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For my PhD thesis I'm using a BibTex database that I have used and extended over the years. However, over time I 'abused' it by deleting fields instead of creating copies and keep the main database with original entries.

I'm using JabRef but as far as I know this does not have an option or plug-in to mass "search and merge" my entries with 'correct' entries from other sources, whilst keeping keys intact.

Does anyone know if such a tool or service exists?

(since I'm in the field of computer science, a DBLP-specific service would already help me out big time)

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    Can't answer the question --- are there even "correct"/canonical sources? ---, but, for the future, you should work the other way: keep the main .bib pristine and use tools like bibtool or biber to extract the relevant bibliography entries when the article/etc. is (near to being) done. – jon Apr 30 '14 at 18:01
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    @jon Well, I read a lot of discussions stating that almost all sources have issues, so I'm not looking for the "correct" source. I just know they are better than what I currently have. And yes, you're right, I should work that way. Let's call that experience :) – JoosBuijs Apr 30 '14 at 18:05
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    Indeed, there's some old saying about hindsight... – jon Apr 30 '14 at 18:07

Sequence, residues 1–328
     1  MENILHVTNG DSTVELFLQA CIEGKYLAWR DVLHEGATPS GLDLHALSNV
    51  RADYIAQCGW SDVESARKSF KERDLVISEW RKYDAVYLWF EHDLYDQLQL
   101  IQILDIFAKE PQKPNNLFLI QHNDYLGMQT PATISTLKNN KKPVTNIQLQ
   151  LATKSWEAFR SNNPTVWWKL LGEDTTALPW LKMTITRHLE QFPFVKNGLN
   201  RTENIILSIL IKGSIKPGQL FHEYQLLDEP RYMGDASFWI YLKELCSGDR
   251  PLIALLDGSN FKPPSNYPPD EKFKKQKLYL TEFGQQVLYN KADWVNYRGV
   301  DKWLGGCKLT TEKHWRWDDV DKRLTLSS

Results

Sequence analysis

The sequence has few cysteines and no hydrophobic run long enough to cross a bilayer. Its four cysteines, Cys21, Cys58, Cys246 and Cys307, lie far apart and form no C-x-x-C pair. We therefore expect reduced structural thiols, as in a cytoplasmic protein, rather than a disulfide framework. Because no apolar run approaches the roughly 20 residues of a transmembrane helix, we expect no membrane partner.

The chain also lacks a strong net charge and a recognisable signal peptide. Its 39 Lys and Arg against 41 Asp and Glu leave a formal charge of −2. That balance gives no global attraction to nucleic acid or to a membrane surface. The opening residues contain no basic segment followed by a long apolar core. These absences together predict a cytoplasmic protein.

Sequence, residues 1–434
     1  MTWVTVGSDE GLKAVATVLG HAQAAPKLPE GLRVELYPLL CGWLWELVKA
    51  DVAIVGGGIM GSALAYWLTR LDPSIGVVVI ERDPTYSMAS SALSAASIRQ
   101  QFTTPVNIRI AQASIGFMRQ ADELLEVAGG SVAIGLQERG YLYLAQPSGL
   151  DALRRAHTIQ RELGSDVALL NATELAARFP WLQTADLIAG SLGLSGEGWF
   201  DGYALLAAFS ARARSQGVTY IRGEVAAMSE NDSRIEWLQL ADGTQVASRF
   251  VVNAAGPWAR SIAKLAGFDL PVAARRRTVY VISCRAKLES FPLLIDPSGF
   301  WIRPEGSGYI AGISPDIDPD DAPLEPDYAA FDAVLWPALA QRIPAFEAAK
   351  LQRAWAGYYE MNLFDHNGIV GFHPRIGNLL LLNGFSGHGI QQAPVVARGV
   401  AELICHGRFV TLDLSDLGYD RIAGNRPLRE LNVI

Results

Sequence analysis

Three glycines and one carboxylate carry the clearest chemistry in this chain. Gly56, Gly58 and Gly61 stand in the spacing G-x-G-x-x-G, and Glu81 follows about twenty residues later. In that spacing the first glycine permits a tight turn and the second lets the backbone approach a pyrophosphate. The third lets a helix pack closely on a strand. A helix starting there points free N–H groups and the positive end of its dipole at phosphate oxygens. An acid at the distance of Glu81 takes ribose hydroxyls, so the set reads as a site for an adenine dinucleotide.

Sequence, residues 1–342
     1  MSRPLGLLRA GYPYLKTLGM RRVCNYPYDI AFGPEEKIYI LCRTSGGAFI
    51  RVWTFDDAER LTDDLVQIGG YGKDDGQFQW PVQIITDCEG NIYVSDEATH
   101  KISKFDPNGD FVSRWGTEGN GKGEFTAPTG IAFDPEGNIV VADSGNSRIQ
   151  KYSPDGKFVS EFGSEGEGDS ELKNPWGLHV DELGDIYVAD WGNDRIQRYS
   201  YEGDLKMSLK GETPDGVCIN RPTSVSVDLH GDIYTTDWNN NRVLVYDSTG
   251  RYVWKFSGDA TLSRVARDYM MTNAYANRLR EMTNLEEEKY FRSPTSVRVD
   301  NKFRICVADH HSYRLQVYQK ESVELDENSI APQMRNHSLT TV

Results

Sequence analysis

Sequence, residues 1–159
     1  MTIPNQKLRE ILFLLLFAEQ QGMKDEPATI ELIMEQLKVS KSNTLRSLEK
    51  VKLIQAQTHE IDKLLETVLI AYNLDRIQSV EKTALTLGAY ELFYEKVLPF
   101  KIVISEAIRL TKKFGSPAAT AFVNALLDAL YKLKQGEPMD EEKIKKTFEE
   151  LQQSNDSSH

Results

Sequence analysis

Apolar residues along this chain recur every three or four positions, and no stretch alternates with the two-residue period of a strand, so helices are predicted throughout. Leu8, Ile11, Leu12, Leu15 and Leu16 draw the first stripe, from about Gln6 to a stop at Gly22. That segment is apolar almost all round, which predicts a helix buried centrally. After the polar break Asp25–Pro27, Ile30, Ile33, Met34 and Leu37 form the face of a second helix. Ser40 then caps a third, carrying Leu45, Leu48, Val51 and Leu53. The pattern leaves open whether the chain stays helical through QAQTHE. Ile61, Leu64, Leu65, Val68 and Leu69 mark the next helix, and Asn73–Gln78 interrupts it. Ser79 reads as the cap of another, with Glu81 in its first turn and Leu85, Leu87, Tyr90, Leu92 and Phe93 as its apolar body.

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I can think of two ways to achieve this...

FOSS Way

Jabref should already flag entries with missing fields (i.e. those missing essential bibtex fields for the corresponding reference type). You could use JabRef's Google Scholar plugin to re-find each of the affected entries, but this is likely to be slow and error prone as GS bibtex entries are anything but accurate.

Mendeley

Download the bibliographic reference manager, Mendeley. Import the incomplete bib file (File > Import > BibTeX) and allow Mendeley to populate missing fields. Entries which are unresolvable (at least in the first instance) will be tagged "Needs Review". For these you will need to manually check the entry type (journal, book, etc.) and prompt Mendeley by populating as many missing fields as you can. You can export the repaired bib file (File > Export) or maintain a contemporaneously synced bib file in a location of your choice (Tools > Options).

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It turned out that writing a quick program to do this was the most viable solution left. Recently I got around to place it on GitHub for everyone to use and contribute. It is a very simple and ugly implementation but it did the trick for the 150+ BibTeX entries for my Ph.D. thesis.

In case you need something like I did, have a look at https://github.com/joosbuijs/bibcleaner I hope that the people that use it also contribute to it such that we can make it better.

Hope this helps!

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